- The two-day explorer
Dot painting with Maruku Arts
Day 1 – Uluru
Uluru base walk. Photo: Tourism Australia
Explore the landscapes and stories of our most iconic natural site.
Head to the Cultural Centre for a coffee or snack and a chance to find out more about Anangu culture. Don’t forget to visit the info desk to find out which free cultural activities are on during your stay.
While you’re at the Cultural Centre, be sure to stop by the in-house galleries to check out some fantastic Aboriginal art. The galleries are Anangu-owned and operated, with all profits going back into the local community.
Drive to the Mala car park for our award-winning free ranger guided walk. This walk starts at 8.00 am in summer and 10.00 am in winter, so you might want to swap it with your Cultural Centre visit during the hotter months.
From the Mala walk you can keep going and do the full Uluru base walk (about 3.5 hours) to get up close and personal with the rock. If you’re looking for something quicker, you can ride around the rock by bicycle (about 1 hour) or take the shorter Kuniya walk to Mutitjulu Waterhole.
Then it’s time to eat lunch, relax and unwind. In summer or hot weather, we recommend staying in the shade or indoors for the hottest part of the afternoon. You could head back to the Cultural Centre, unleash your creative spirit at a dot-painting workshop or take a swim in one of the resort’s many pools.
Ayers Rock Resort offers a wide variety of free activities during the day. Ask at your hotel reception or the tour office in the Yulara town square for more information.
Once it starts to cool down, head back to the park. You might like to explore another section of the Uluru base walk or do the Liru walk, which takes you between the Cultural Centre and the base of the rock (1.5 hours return). For something a bit different, jump on a Segway and explore the base of Uluru without breaking a sweat.
For the quintessential Uluru experience, drive to the car sunset viewing area in time to enjoy the colours changing on the surface of the rock.
Other excellent places to watch the sunset at Uluru are:
- the Lungkata walk
- Kantju Gorge on the Mala walk
- the second hut on the Liru walk
- Talinguru Nyakunytjaku. The main sunrise viewing area for Uluru is often empty at dusk and provides a stunning view of the sun setting next to the rock.
Once night falls, eat out at one of the many al-fresco dining options. There is something for every budget, from an outdoor BBQ in the park to the Sounds of Silence outdoor buffet and the exclusive Tali Wiru experience. Some dinners include star talks, giving you an insight into the spectacular night sky above Uluru.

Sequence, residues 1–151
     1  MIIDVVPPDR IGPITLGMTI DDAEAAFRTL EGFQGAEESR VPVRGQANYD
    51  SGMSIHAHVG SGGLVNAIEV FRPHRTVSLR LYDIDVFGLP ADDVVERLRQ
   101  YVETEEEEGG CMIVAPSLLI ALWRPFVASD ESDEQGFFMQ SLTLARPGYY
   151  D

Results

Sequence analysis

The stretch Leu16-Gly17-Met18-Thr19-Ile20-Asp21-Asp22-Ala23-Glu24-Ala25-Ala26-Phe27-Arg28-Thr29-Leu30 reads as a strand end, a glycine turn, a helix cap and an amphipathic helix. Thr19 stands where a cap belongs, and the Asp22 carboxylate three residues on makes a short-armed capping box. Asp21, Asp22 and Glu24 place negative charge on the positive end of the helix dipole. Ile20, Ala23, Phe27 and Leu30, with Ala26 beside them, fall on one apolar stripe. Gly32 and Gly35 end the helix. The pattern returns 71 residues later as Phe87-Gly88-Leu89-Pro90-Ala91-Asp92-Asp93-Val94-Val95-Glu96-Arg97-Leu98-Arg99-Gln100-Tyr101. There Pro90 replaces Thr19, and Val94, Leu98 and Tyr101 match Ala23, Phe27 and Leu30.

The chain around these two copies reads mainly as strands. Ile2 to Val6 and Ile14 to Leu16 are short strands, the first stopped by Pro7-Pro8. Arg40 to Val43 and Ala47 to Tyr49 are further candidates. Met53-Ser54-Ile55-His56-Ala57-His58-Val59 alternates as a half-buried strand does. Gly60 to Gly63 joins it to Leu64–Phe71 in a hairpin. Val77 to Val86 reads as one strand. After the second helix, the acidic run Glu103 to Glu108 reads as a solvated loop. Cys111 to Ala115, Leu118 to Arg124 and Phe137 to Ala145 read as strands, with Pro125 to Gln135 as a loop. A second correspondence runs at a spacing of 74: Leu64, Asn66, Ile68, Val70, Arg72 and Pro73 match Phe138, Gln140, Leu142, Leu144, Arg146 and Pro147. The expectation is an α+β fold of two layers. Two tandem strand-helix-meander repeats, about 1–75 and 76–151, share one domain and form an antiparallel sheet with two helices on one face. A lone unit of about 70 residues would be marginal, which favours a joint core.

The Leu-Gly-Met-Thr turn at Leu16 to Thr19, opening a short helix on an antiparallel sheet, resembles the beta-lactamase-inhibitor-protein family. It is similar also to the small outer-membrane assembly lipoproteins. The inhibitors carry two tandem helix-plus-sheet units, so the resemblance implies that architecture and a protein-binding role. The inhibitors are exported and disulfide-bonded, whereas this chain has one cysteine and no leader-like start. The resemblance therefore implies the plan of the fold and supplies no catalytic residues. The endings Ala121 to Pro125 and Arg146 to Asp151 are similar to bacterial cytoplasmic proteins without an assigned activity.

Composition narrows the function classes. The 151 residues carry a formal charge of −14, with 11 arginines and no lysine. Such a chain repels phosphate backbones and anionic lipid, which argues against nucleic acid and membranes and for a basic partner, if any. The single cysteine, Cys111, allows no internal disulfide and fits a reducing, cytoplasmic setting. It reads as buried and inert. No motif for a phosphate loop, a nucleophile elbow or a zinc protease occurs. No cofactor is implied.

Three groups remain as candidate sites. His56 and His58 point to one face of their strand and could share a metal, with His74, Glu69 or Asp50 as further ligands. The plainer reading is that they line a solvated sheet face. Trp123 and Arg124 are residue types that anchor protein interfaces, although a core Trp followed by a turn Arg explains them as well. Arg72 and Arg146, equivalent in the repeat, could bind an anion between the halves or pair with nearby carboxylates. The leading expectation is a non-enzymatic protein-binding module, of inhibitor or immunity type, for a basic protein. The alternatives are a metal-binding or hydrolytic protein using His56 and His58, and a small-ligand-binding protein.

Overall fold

After dinner, immerse yourself in Bruce Munro’s mesmerising Field of Light. Representing a meadow of desert wildflowers, this extraordinary installation features thousands of delicate coloured glass globes.
Day 2 – Kata Tjuta
Tree at Walpa Gorge, Kata Tjuta. Photo: Corinne Le Gall
Discover the natural wonders and extraordinary geology of Kata Tjuta.
Get up early and drive to the Kata Tjuta dune viewing area to watch the sunrise. We suggest arriving about half an hour early to make sure you a good spot.
Experience the plants, animals and sheer rock walls of the Walpa Gorge walk (approximately one hour) before having a morning tea picnic at the Kata Tjuta sunset viewing area, which offers great views at any time of day.
Then you can escape to a world of peace, quiet and breathtaking landscapes in the Valley of the Winds. You can either do the full circuit (which takes about four hours) or a shorter walk to the Karu lookout.
The Valley of the Winds walk is sometimes partly or fully closed in hot weather – please check with the Cultural Centre for the latest information.
This afternoon, return to the Kata Tjuta sunset viewing area to watch the domes changing colour at twilight. It takes almost an hour to drive to Kata Tjuta from the resort, so make sure you allow plenty of time. You’ll also need to leave Kata Tjuta at least 45 minutes before the park closes for the night.
After sunset, head back to the resort for dinner in the open air or at one of the many restaurants. If you didn’t experience Field of Light yesterday, we highly recommend an evening stroll through the meadow of illuminated glass globes.